One way to create a greener home environment is to steer clear of commercially formulated cleaning products, which all basically contain the same unhealthy ingredients. Keep these green cleaning alternatives in your house instead:
Baking soda: Sodium bicarbonate cleans up after acidic stains and messes, works as a mild abrasive, shines up aluminum, chrome, silver, and other metals, and unclogs and cleans drains. It cuts grease and dirt and also deodorizes.
Borax: Another member of the sodium family (sodium borate), this natural mineral is a disinfectant and is sold at drugstores, supermarkets, and hardware and supply stores.
Castor oil: The colorless or sometimes yellowish oil, from the castor plant, is a fine lubricant and a worthy ingredient in wood cleaners or polishes.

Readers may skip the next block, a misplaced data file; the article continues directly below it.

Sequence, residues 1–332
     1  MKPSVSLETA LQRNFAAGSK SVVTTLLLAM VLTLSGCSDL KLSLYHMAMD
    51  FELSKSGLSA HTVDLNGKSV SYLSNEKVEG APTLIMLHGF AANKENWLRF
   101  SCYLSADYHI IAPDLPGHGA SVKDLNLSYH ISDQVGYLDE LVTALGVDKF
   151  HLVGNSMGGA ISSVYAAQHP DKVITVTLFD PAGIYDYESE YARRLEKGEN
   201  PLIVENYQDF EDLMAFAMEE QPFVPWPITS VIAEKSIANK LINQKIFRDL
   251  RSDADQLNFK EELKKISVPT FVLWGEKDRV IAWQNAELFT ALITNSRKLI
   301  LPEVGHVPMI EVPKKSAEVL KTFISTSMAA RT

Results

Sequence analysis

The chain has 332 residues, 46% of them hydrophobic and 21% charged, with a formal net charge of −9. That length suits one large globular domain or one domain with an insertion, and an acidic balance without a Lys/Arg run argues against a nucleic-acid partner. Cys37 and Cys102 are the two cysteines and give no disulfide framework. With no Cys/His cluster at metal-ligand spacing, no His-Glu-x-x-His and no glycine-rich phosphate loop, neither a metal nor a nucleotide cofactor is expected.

Cornstarch: Just as its name implies, this mild and absorbent cleaner is a starch derived from corn.
Cornmeal: Set aside some the next time you’re making corn muffins: This mildly abrasive substance makes easy work of grease stains.
Club soda: Have a big bottle of bubbly on hand for cleaning glass or tackling wine spills on carpet.
Cream of tartar: This white crystalline powder sold in the spice section of supermarkets whips up impressive meringue and makes a great paste for scrubbing cookware.
Essential oils: Tea tree, peppermint, grapefruit, and other oils (found in health-food or craft stores) not only smell great, but they have disinfecting properties, as well.
Glycerin: This common ingredient in hand-wash and dish liquid is an oil that provides lubrication and is often used in milder cleaners.